Lodging – Ulgii And Ulaan Bataar

In Ulaan Baatar we stay at the luxurious Tuushin hotel, located in the city center.  The start and end point of our trek is the town of Ulgii. Here we stay in traditional Mongolian Gers (nomad tents) at a modern lodge on the outskirts of Ulgii.  We stay here for two nights before the trek and one night after.

What is a Ger? A Ger is a round dwelling that has been used as a home by the nomads since the Mongols created a lifestyle centered on raising livestock on the steppe about 3,000 years ago. It is portable, easily put up, and can resist extreme winds and temperatures way below zero. A Ger is made of felt lining, wooden supports and a round “window” at the top to allow air to circulate. The structure is a wooden lattice attached together with rope. An entire family lives inside one Ger, which appears like a white dot on the Mongolian plains.

Ulgii Ger Camp

Ulaan Bataar · Tuushin Hotel


In the local Ulgii market we stock up with food and camp supplies for the entire expedition. Just like in the old days, camels carry the entire camp as well as our supplies and gear. 

Our camp crew consists of head guide Eddie Frank, and a local assistant guide, Chef Alex, Karbai our main horse guide, 6-10 camel guides and 6 camp assistants. These are local nomads who look after the 12 camels and 30 horses that accompany us for the duration of the trek.


Even if you only plan to hike, we will allocate a horse and saddle to you – just in case you change your mind. 

We’ve found that once our trekkers take a couple of riding lessons from Eddie, they discover how much fun it is to ride with the Mongolian nomads across their ancient lands.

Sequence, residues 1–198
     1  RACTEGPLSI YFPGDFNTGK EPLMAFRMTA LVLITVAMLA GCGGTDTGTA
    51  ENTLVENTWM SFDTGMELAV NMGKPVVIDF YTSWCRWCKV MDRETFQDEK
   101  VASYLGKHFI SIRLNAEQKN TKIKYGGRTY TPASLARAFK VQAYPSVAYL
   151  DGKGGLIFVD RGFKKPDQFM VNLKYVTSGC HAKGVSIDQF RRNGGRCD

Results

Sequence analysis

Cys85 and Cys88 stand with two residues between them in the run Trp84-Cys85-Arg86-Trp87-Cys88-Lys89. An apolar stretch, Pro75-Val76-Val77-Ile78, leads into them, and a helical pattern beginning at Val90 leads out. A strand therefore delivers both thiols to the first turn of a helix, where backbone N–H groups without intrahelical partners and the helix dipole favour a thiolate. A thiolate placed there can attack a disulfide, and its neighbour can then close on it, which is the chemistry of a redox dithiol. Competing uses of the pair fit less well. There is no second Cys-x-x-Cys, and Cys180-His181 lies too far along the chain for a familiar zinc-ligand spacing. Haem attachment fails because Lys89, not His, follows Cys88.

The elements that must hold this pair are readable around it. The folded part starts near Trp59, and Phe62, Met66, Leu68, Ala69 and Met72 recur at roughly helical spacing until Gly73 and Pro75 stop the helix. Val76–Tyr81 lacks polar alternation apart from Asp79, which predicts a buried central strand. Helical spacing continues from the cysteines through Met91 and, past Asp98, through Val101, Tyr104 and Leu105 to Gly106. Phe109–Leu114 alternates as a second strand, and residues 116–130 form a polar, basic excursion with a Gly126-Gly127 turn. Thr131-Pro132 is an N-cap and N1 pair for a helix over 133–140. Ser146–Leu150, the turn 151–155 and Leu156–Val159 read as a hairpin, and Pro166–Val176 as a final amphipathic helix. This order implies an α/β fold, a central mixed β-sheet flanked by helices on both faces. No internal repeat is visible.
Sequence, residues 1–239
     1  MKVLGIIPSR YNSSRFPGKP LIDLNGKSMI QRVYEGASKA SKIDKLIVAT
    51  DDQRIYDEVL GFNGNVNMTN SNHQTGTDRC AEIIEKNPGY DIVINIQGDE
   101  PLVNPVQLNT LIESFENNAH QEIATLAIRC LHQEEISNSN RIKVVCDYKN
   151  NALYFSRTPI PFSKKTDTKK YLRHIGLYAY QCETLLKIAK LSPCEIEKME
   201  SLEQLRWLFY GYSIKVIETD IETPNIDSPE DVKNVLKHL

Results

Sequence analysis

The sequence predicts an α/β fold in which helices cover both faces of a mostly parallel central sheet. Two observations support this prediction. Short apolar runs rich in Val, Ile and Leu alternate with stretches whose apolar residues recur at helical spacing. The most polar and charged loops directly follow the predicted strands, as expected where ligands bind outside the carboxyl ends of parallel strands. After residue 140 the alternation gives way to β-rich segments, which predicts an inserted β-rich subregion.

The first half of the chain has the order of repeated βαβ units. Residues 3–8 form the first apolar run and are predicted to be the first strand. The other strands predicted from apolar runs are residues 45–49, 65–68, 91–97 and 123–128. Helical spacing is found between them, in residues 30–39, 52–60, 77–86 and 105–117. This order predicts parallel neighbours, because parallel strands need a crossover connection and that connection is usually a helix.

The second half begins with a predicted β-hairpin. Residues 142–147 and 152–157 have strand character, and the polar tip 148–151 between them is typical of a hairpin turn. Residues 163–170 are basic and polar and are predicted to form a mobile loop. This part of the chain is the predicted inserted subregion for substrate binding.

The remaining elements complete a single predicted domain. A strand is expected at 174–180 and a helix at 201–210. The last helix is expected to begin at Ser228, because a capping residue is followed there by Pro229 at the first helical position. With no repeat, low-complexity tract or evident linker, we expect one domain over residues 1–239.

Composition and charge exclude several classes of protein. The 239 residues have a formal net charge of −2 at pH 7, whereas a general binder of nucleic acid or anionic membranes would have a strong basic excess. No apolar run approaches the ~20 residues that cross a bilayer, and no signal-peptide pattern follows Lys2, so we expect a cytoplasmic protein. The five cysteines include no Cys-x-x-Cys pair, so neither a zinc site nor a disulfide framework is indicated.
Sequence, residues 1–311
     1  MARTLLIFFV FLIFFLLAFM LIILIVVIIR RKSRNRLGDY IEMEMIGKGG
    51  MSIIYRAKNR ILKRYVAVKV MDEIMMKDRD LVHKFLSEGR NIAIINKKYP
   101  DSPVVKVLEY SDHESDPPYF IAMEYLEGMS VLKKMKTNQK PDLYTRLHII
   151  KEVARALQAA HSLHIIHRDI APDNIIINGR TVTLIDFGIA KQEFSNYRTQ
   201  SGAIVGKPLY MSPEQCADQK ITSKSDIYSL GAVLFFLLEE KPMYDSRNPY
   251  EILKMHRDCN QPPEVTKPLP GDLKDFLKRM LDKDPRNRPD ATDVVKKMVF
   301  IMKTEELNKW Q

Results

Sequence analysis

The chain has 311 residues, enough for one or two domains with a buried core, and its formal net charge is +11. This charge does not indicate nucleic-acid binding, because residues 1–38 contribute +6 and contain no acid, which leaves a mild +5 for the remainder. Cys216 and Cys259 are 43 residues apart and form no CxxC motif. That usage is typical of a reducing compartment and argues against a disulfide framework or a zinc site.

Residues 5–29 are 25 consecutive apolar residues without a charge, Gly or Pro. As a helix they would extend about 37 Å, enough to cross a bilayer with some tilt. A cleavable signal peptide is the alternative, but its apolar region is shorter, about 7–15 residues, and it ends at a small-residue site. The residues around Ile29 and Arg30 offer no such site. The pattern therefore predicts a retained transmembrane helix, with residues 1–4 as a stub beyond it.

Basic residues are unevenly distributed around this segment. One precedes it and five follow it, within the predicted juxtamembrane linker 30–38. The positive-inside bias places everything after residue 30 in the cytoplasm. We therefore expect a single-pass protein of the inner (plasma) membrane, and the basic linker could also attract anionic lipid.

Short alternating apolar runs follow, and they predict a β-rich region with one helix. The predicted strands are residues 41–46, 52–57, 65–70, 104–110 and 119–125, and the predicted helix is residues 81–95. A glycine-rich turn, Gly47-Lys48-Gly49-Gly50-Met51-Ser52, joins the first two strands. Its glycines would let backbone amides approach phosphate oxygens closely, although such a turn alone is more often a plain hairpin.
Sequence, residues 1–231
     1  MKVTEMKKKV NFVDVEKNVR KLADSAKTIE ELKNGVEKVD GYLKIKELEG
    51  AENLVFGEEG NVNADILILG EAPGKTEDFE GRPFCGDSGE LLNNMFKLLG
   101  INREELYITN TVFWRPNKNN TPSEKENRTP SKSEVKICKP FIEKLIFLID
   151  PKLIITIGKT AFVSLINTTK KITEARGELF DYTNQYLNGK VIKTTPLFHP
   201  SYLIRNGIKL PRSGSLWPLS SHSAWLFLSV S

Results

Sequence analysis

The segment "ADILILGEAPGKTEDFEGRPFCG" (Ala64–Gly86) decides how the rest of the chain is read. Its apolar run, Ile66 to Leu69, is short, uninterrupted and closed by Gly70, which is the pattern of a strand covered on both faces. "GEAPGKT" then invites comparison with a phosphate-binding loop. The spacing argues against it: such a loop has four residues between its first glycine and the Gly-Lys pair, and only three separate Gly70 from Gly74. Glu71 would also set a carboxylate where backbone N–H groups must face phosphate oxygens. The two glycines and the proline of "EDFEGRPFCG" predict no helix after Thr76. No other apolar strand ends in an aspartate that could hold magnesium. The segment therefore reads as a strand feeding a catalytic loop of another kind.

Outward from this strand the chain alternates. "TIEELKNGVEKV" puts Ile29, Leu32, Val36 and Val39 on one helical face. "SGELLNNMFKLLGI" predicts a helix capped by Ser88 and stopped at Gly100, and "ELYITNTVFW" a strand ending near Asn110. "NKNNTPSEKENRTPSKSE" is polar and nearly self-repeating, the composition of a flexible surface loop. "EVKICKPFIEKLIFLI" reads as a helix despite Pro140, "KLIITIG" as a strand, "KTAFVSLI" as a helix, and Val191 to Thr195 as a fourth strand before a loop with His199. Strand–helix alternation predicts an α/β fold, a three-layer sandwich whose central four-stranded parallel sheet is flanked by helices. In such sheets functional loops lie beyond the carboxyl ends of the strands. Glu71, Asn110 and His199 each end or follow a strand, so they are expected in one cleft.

“The trip was well-planned, well-executed and beyond my wildest expectations. I decided to do the trek on horseback after I arrived and I felt like a kid every day. The emphasis on safety was second to none. Eddie’s leadership and the dedication of the staff was outstanding.”  –  5-Star Review by “Linda P.”


Expedition travel in remote backcountry has inherent challenges and risks. That’s why it’s critically important to be prepared. The challenges we face on this journey along the ancient nomadic trails through the Altai mountains are different than those on Kilimanjaro at high altitude. Eddie and Amy have decades years of wilderness medical training under their belts, and during emergencies work closely with Ripcord, our US based evacuation partner.

Tusker Rebuilds Emergency Airstrips

Trekking through the Mongolian wild takes us to some remote areas in the wide expanses of the Central Asian mountains and valleys. When Eddie and Amy were first scouting this award-winning trek, they realized that a 10-hour evacuation on land to the nearest hospital would be extremely challenging. And as helicopters are rare in Mongolia, they relied on fixed wing aircraft when an overland evacuation was not suitable.

Back in the early days there were no usable airstrips, so we did things the Tusker way: We reconstructed two defunct airstrips.  Tusker Trail partnered with Ripcord, our evacuation company, to rebuild two landing strips in the remote backcountry of western Mongolia.  These additional runways helped complete a network of landing strips across rural western Mongolia. In addition to providing us with faster access during emergencies, they are valuable assets that are used year-round by humanitarian organizations.

Professional Safety Alliances
If you have an emergency that requires an air evacuation, you are covered by Ripcord, our air evacuation company of note. We rely on Ripcord’s staff of emergency doctors, with whom we consult from the field by satellite phone for advice during emergencies. Also, during our 48 years in adventure travel we have established enduring alliances with the following professional organizations: